Choosing a facility designed to securely house your company's computer systems, networking, and other technology components is a crucial decision for any business. Companies of all sizes depend on the stability and reliability of IT infrastructure to operate successfully. Even one moment of network disruption can wreak havoc on a company's revenue and customer relationships. Businesses need a robust and comprehensive disaster recovery plan to ensure that operations run smoothly in case of disaster. Data centers are an important component to any disaster recovery plan, serving to house core network and infrastructure operations and providing space for the people that run the organization.
Companies need a disaster recovery plan to limit the crippling effects of a disaster. Disasters can include human error or natural occurrences such as hurricanes, flooding, or earthquakes. Many large companies spend 2-4 percent of their dedicated IT budgets on disaster recovery planning. This investment helps avoid additional losses to the business associated with IT infrastructure failure. It is important to carefully assess the data center components involved in disaster recovery planning to ensure that time and money is well spent. Here are nine key elements to consider when choosing the right data center.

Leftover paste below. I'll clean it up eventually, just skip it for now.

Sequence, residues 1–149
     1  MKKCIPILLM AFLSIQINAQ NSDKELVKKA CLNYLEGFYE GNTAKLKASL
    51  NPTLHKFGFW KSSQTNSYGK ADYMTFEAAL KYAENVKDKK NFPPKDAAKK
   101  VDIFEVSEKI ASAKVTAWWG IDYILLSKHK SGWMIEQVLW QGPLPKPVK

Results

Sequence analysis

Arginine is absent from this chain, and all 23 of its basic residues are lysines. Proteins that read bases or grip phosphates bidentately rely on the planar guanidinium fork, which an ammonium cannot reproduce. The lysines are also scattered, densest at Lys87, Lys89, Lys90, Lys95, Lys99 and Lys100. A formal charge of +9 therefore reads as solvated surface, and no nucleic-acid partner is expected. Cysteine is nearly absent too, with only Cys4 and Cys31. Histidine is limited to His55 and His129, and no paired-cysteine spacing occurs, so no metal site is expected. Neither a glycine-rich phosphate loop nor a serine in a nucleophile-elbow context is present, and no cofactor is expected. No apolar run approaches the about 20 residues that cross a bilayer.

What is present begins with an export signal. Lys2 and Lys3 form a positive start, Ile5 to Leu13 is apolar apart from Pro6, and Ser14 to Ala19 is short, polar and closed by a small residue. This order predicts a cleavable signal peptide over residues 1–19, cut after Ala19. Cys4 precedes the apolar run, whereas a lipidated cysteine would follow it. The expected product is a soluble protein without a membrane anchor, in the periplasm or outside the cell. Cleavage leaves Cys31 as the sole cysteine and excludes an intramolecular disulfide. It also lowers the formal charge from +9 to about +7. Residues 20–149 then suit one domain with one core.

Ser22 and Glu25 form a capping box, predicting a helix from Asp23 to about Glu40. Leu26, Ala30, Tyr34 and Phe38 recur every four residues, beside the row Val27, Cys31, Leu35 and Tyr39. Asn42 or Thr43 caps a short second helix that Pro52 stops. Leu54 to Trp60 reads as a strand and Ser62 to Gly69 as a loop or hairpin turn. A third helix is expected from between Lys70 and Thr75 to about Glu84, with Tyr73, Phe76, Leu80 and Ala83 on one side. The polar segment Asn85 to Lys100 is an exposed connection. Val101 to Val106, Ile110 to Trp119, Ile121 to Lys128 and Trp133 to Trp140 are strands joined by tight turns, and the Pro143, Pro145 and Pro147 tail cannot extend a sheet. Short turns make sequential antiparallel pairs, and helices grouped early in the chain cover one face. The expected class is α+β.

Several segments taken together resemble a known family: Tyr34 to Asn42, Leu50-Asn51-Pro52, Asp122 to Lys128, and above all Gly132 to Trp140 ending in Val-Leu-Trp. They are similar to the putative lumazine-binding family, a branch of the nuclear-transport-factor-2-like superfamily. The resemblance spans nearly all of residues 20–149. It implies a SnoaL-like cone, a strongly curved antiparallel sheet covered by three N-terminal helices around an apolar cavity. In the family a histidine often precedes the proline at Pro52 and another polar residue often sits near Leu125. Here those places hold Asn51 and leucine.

A data center that offers an optimal environment to keep the facility running with minimal down time and low operating costs is a high priority. An optimal environment has a low risk of natural disasters, a favorable business climate, and a rich technology talent pool. Companies are shying away from coastal regions because of hurricanes, earthquakes, and wildfires, and from high-profile metro areas because of the threat of terrorism. The best cities for data centers are in the central and southwestern United States due to the lower incidences of natural disasters, according to a 2010 study by the Boyd Company.
Carrier-neutral network access is also important. Austin, Dallas, Atlanta, and Raleigh-Durham are the some of the most popular data center cities, as they are rich with fiber options. Other criteria to consider when selecting a data center location are the price and reliability of power in the area. Incentives, such as cheaper taxes and rates from local governments and utilities, also influence the data center site decision.
A reliable infrastructure eliminates points of failure and employs total redundancy where necessary. The mechanical plant within a data center includes power, electrical, and cooling systems, which keep it operating smoothly 24/7/365. The mechanical and electrical systems should be designed with multiple levels of redundancy. For instance, data centers often have multiple generators to ensure backup power is available in case of a utility outage.
Building a data center that is fully redundant at every level can be cost-prohibitive, and some data center operators choose not to make this investment. Review the data center system design and the provider's track record on outages, availability, and service level history. The data center provider should describe in detail ongoing maintenance for any of its critical systems and standard procedures for correcting an issue.